Ivan VI was the great-grandson of Tsar Ivan V, and the first boy to be born among those descendants. He was named the heir of reigning Tsaritsa Anna (Ivanovna), his great-aunt, almost as soon as he was born. Anna died and Ivan became tsar in 1730 at the age of two months. At first, the late Empress's Anna's favorite Ernst-Johann Biron was his regent, but after a few weeks a palace revolt put Ivan's mother Anna Leopoldovna in his place (and sent Biron to Siberia). But if Biron the German had been unpopular, the German father and half-German mother of Ivan were even more disliked by the Russian people.

Elizabeth, daughter of Peter the Great and his second wife Catherine I, gradually gathered support from the army, the nobles, and even Sweden, which declared war on Russia in early 1741, claiming as some of its reasons the fact that Peter the Great's living descendants had been kept off the throne. Anna Leopoldovna actually got word of the plotting against her, but Elizabeth convincingly denied everything and was not imprisoned. The day after Elizabeth's denial, 24 November 1741, she led the guards against Anna and Ivan and won.

Elizabeth did not believe in executions, so Ivan was imprisoned at the age of 15 months and stayed in prison throughout the twenty-one years of her reign. There had been conspiracies in his name, but Elizabeth squashed them all before they could involve him. Supposedly he was hardly taught anything about the outside world except Orthodox Christianity, but somehow got the information that he was a prince, even though he was merely "Prisoner Number One" to the guards around him. The two guards closest to him were really just as much prisoners, as they could not leave the fortress or even be transferred elsewhere in it; they apparently tended to mock and taunt him even when the governor of the fortress warned them against it.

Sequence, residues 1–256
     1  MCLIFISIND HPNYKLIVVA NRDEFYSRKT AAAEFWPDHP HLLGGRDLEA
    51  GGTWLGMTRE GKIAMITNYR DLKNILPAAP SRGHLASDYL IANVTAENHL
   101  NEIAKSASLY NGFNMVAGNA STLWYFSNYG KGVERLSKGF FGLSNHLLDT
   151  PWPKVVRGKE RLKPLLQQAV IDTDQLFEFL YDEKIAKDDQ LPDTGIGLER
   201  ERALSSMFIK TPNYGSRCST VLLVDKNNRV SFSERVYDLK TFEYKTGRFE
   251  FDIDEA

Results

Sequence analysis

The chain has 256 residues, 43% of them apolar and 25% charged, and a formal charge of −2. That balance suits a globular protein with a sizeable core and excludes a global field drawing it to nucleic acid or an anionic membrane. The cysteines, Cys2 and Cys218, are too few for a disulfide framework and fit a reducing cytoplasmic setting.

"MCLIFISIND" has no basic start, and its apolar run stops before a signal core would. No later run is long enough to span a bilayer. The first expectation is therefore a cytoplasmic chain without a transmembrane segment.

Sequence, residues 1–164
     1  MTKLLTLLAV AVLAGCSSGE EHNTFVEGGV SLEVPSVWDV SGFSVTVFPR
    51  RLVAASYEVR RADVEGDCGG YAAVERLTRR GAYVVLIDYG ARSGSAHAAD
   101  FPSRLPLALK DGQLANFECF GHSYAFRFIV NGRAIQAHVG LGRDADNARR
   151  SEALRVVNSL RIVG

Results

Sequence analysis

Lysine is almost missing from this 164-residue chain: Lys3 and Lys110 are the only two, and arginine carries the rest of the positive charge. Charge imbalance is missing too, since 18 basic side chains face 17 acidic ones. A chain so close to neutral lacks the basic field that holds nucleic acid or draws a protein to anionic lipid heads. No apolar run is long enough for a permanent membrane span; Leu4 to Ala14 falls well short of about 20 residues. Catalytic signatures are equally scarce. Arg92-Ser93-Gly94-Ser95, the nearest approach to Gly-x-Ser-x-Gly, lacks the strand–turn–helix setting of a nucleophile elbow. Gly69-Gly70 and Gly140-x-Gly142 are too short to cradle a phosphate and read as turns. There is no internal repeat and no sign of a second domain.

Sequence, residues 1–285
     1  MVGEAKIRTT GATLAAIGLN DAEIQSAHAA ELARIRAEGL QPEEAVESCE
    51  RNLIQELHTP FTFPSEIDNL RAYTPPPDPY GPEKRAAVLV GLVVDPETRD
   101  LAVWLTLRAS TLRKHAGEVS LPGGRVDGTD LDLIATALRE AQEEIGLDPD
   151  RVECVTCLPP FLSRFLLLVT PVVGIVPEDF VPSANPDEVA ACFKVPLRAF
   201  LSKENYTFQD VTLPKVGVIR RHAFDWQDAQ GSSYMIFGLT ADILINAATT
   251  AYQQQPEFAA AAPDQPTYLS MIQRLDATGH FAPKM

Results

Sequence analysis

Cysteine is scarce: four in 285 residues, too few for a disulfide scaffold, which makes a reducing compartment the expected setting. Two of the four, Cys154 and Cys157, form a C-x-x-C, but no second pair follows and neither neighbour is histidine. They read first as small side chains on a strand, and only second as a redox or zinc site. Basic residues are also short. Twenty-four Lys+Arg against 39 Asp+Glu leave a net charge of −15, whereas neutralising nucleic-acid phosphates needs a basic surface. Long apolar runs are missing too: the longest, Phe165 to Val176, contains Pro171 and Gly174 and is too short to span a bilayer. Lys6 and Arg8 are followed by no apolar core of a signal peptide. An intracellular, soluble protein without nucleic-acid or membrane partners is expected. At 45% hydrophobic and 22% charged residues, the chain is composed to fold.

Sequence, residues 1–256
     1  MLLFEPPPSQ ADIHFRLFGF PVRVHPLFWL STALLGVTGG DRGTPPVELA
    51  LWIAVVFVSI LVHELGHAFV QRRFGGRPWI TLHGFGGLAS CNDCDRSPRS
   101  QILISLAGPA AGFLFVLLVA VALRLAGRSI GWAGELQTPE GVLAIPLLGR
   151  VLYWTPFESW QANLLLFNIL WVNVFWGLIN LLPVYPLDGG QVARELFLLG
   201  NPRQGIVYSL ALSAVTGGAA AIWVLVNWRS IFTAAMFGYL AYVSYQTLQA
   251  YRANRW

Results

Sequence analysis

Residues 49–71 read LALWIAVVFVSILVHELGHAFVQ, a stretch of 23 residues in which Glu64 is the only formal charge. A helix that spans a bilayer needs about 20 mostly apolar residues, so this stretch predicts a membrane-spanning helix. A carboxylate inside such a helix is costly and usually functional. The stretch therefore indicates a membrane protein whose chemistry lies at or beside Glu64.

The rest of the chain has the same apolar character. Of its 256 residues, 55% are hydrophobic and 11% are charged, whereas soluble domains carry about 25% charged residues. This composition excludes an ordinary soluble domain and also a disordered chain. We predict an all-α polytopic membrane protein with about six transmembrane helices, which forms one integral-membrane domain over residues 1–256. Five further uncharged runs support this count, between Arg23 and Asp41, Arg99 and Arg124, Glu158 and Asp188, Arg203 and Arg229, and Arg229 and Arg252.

Shortly after the accession of Catherine the Great in 1762, she came to visit him. She later claimed he had been weak-minded, but she would probably say that to bolster her own presence as Tsaritsa. Shortly after the meeting she issued orders that if anyone came to try and break him out, that Ivan be killed rather than allowed to escape. Less than a year later, a Ukrainian named Mirovich, who worked in the fortress where Ivan was held, found out who he was and resolved to free him and put him back as Tsar. He persuaded the soldiers he commanded to follow him, and they managed to storm into his cell, but Ivan was then already dead from the swords of his guards. He was 24.

Sources: Gina Kaus' Catherine: the Portrait of an Empress, Donald Raleigh and A.A. Ishkanderov's The Emperors and Empresses of Russia: Rediscovering the Romanovs, as well as those listed under Monarchs of Russia.

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